robotech_master: (unicorn-dancer)
So I called the local e-bike dealer and chatted with him about my requirements. He's basically one of those dealers who works out of their home rather than a showroom. I can respect that. Among other things, means he'd keep the overhead down and hopefully cut me a better deal on the bikes. He doesn't carry any of the type of e-bikes I mentioned in my previous post, and he's hesitant to order them because if I didn't like them, what would he do with them?

However, he does have some of last year's model of an electric cargo bike called the "Juiced Rider" that he might be able to cut me a deal on—including cargo panniers he could throw in. It wouldn't be in the $500 to $700 range, but given that the bike costs like $2,000 brand new, I'm hoping it'll be around $1,000ish. I might even swing $1,500ish or more if he lets me pay on installments. I'll have to carve a chunk of money out from the amount I'm going to be paying down my debts with, but on the other hand this will let me stave off needing a car even further. And I'm going to have to have some kind of alternate solution for getting around when winter hits. Sub-freezing temperatures and trying to pedal a bike any great distance just don't mix.

Judging from this review and this other review, the Juiced Rider looks like it would be exactly the sort of thing I need. Designed from the ground up as a car-substitute, it can carry 330 lbs of rider plus cargo, and has an estimated 35 mile range. Not only would that be great for getting to and from work every day, it would even let me go down and visit Alex in Greenwood and come back without having to wait for it to recharge. I could do my Trader Joe's shopping without having to wrestle my cart onto the bus or pay extra for a Zipcar rental. And since it weighs the same 70 lbs as the other bike, I could easily bring it up to my room at night.

I'll be taking the bus and then bicycling up to Carmel on Monday afternoon to take a test ride, at which point we'll see how it goes. Would be interested to hear from anyone else who's had experience with e-bikes.

In other news, I bought a small window air conditioner unit off a fellow apartment building tenant who's moving away, and it's now cooling my bedroom. I slept very well last night, and look forward to another good night's sleep tonight.
robotech_master: (Default)
Well, here I am back at work again, getting ready for the Big Weekend. This weekend was a Big Weekend of another sort, as it was the annual "Tax-Free Weekend" in Missouri and a lot of other states, where states voluntarily forego their chunk of the 6% sales tax in the name of Education, saving a decent chunk of change for back-to-school folks (and people who are not going anywhere near schools but can still use the same stuff). And there were some purchases I'd been needing to make anyway—my numbers of slacks and shorts have been dwindling, and my shoes were just about to fall to pieces around my feet. And there were also some things I needed to buy for trip prep. And Saturday was the only free day when the buses would be running on the schedule that would let me catch a return trip home without having to go 3/4 of the way around town to get there. So Saturday was it.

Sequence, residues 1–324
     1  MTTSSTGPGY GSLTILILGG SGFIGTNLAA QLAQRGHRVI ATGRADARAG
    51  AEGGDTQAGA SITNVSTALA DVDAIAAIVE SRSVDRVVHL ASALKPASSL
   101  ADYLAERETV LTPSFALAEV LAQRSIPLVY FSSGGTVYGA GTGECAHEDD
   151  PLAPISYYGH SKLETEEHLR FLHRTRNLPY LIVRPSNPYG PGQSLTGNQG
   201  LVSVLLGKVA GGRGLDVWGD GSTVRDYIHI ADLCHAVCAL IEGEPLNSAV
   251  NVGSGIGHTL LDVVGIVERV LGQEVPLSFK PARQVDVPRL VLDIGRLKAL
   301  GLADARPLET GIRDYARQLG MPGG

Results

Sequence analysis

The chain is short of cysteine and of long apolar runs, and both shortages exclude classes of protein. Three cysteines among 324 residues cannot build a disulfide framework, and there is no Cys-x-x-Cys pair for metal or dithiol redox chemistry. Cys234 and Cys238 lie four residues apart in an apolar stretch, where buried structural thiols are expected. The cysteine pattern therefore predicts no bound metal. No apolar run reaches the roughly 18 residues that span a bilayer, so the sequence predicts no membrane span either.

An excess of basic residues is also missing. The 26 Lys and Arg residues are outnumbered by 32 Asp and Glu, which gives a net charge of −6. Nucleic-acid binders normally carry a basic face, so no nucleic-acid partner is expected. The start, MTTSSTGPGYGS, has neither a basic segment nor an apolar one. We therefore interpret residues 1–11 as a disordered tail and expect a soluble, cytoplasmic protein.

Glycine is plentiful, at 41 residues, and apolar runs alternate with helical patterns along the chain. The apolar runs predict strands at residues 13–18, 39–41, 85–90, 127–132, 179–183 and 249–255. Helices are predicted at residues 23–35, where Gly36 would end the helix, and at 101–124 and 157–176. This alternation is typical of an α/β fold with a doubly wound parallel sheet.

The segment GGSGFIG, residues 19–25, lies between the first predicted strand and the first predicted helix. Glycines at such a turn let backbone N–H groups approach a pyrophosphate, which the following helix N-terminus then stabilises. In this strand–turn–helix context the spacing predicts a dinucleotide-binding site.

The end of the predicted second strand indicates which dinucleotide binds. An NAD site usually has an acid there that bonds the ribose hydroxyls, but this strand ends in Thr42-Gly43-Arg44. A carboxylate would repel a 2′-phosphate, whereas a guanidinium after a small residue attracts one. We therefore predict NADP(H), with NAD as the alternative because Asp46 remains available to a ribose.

My Saturday Shopping Experience )

At work this morning, I arranged to get my paycheck this week a day early, so I can deposit it on my way home Thursday and have it officially hit the bank account Friday afternoon. That way I'll have the money in hand in case of emergencies, or in case I see anything I've just Gotta Have at the dealer room.

I've estimated the amount I can afford to spend, and I should be okay as long as I stick with it. It will probably mean passing up a lot of tempting purchases, but on the other hand I'm not really going there to buy stuff anyway. In the worst possible case, I may have to put a couple hundred dollars more on my credit card, but I can pay that off with the next BioKinetic study.

Alas, when I have to worry about conserving my finances, what a time for me to rediscover a company with which I had become acquainted in the past, a company formerly known as JerryCo but now known as SciPlus. A salvage and surplus seller, they had a newsprint catalog full of hundreds of interesting items, each of which was accompanied by a line drawing and a quirky, amusing write-up. I could spend hours reading through the catalog, about electric motors and gears and lenses and things in which I had no interest whatsoever, just to chuckle at the jokes. Their catalog is on the Internet now, but it's still got the line drawings (and color photos for some items) and the quirky write-ups. And there's so much tempting gadgetry and gimmickery there that I could easily have blown $30, $40, $50 or more on the stuff—if I didn't have to worry about the upcoming convention trip. Ah, travel frugality is such sweet sorrow…

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